Someone else unnamed made the image with the blonde Fox News staff. I added the explanatory title.
I detect an anti-Christian bias on Alternet. I think they enjoy publishing articles critical of Christianity. (BTW, I am an atheist.)
For example, the following article has a deceptive title. The title suggests that Christians have higher rates of porn addiction than non-Christians. But the body of the article says otherwise.
The article 9 Truly Evil Things Right-Wing Christians Do says “The Christian persecution complex is absurd.” Calling Christians “truly evil” and then saying they have a persecution complex is kinda ironic, don’t you think? (The author of the article says she did not choose the title.)
I’ve seen other articles on Alternet critical of Christians.
Mind you, I agree that there are many terrible things that conservative Christians have done (The article 9 Truly Evil Things Right-Wing Christians Do has a good summary.) But one shouldn’t judge all Christians by the actions and views of the conservative sects. And one shouldn’t overstate the case.
Someone should do a more thorough analysis of Alternet’s articles. I notice they’re good at coming up with catchy titles about interesting topics.
I detect an anti-Christian bias on Alternet. I think they enjoy publishing articles critical of Christianity. (BTW, I am an atheist who was raised mildly Jewish.) For example, the following article has a deceptive title. The title suggests that Christians have higher rates of porn addiction than non-Christians. But the body of the article says otherwise.
For one of your articles, too, they chose a title that was more anti-Christian than what you wrote.
Someone should research this bias …..<h1 class=”node-title” datatype=”” property=”dc:title”>Porn Addiction in the Christian Community: Why Are Rates so High?</h1>Porn Addiction in the Christian Community: Why Are Rates so High?</h1>Porn Addiction in the Christian Community: Why Are Rates so High?http://www.alternet.org/belief/9-truly-evil-things-right-wing-christians-do
Wall Street and big business Republicans are already signaling they’d prefer a Democratic establishment candidate over a Republican populist.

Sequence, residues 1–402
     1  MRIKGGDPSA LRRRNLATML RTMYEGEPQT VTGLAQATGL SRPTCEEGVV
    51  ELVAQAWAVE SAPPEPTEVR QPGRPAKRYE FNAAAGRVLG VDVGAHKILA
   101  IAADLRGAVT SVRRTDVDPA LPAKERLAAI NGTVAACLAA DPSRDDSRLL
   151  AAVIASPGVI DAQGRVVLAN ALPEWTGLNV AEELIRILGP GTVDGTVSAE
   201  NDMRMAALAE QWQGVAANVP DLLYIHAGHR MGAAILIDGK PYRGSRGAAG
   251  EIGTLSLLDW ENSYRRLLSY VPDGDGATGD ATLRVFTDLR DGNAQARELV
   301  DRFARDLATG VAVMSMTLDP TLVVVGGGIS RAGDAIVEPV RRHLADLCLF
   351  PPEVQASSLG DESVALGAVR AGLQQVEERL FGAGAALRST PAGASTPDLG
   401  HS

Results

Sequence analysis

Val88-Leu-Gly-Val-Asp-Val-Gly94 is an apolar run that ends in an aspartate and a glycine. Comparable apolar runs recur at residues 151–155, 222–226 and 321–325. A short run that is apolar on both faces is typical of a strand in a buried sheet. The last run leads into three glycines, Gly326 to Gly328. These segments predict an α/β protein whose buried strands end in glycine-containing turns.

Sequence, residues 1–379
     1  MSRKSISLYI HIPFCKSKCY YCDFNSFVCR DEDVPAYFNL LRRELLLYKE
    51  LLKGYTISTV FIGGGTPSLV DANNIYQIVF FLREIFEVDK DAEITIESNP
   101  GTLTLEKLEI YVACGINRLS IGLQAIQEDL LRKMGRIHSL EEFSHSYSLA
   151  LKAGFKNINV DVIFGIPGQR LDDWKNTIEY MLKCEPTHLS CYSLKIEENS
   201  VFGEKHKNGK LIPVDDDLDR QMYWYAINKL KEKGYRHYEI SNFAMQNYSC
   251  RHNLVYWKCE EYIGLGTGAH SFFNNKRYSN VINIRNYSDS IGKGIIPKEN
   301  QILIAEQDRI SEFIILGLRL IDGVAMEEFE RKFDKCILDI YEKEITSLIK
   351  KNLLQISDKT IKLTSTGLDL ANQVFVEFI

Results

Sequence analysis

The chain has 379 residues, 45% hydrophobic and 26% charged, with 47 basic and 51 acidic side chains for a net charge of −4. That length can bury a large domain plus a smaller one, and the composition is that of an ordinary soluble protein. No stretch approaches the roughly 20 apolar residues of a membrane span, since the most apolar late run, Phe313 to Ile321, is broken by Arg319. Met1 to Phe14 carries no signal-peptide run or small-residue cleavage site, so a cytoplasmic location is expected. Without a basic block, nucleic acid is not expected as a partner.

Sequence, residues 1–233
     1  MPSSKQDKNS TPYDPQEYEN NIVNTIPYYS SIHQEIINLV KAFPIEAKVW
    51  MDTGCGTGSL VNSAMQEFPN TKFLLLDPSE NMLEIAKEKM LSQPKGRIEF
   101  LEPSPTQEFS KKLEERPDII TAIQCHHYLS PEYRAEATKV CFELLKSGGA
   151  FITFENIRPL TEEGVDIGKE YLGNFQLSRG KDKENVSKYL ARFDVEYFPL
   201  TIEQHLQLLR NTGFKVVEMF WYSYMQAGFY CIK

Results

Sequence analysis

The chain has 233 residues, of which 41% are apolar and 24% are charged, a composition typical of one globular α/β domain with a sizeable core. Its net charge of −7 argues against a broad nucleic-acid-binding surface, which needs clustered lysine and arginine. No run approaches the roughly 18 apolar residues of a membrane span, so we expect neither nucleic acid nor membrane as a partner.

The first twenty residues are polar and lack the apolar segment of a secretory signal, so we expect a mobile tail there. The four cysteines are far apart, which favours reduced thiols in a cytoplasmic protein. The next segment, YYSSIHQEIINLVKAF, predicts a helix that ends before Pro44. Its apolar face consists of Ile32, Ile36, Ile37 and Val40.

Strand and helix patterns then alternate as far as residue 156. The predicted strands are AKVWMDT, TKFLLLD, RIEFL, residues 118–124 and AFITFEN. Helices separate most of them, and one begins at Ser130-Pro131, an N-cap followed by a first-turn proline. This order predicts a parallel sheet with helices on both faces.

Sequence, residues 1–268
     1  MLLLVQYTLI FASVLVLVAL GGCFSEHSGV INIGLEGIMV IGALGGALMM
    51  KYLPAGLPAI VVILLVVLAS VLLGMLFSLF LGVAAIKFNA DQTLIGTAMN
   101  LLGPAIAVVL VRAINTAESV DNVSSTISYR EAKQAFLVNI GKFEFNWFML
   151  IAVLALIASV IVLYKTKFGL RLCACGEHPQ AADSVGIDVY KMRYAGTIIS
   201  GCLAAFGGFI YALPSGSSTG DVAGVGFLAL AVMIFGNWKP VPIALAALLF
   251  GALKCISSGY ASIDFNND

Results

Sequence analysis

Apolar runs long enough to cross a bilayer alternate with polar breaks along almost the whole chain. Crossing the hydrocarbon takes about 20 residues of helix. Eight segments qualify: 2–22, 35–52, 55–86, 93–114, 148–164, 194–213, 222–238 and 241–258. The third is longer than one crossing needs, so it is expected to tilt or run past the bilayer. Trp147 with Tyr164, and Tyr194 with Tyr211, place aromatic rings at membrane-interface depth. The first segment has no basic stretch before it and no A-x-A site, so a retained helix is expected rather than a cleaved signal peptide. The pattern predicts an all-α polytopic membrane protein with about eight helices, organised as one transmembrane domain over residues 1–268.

Dozens of major GOP donors, Wall Street Republicans, and corporate lobbyists have told Politico that if Jeb Bush decides against running and Chris Christie doesn’t recover politically, they’ll support Hillary Clinton. “The darkest secret in the big money world of the Republican coastal elite is that the most palatable alternative to a nominee such as Senator Ted Cruz of Texas or Senator Rand Paul of Kentucky would be Clinton,” concludes Politico.
I bet the Pentagon would prefer Hillary too.
[The Bellevue Reporter published this in an abbreviated form as a letter-to-the-editor in their print edition today, including the part about Litzow and Hill's funding by the Koch brothers. So far the letter isn't appearing on their website.]
According to letsfreecongress.com, in the 2012 US House elections, 95% of the candidates that outspent their opponents won, and 1% of the donors contributed 68% of the campaign funding.
Nevertheless, election spending has a limited ability to flip elections. According to Americans for Campaign Reform, once a threshold of spending is exceeded, additional campaign spending yields little or no returns.
But campaign spending on close races certainly can flip elections, as it did in 2010, when spending by Charles and David Koch’s Americans for Prosperity unseated Democrats Eric Oemig and Randy Gordon from the Washington State Senate in the 41st and 45th LD, replacing them with Republicans Steve Litzow and Andy Hill. (The State Republican Party was later fined for violating election reporting requirements in that election. See also How the Koch Brothers worked to defeat Democrats in Washington State.)
On the left, spending by California billionaire environmentalist Tom Steyer helped elect Democrat Terry McAuliffe as Governor of Virginia and helped sway California voters on legislative elections and ballot initiatives.
If money is speech, then lawmakers will tend to serve the interests of the rich. We need to overturn the Supreme Court’s Citizens United decision that treats money as speech and we need public financing of campaigns so that wealthy donors can’t buy elections.
From USA Today’s story Challenger concedes GOP primary to controversial rep
A transcript of DesJarlais’ 2001 divorce showed that he and his then-wife, Susan, made a mutual decision to have two abortions. Still another woman has charged that DesJarlais encouraged her to get an abortion as well.
DesJarlais, a doctor whose congressional seat was a Democratic stronghold before he won it using tea party themes four years ago, also acknowledged in the court case he had sex with at least two patients and said he had prescribed painkillers for at least one of them.
Alas, DesJarlais won the primary.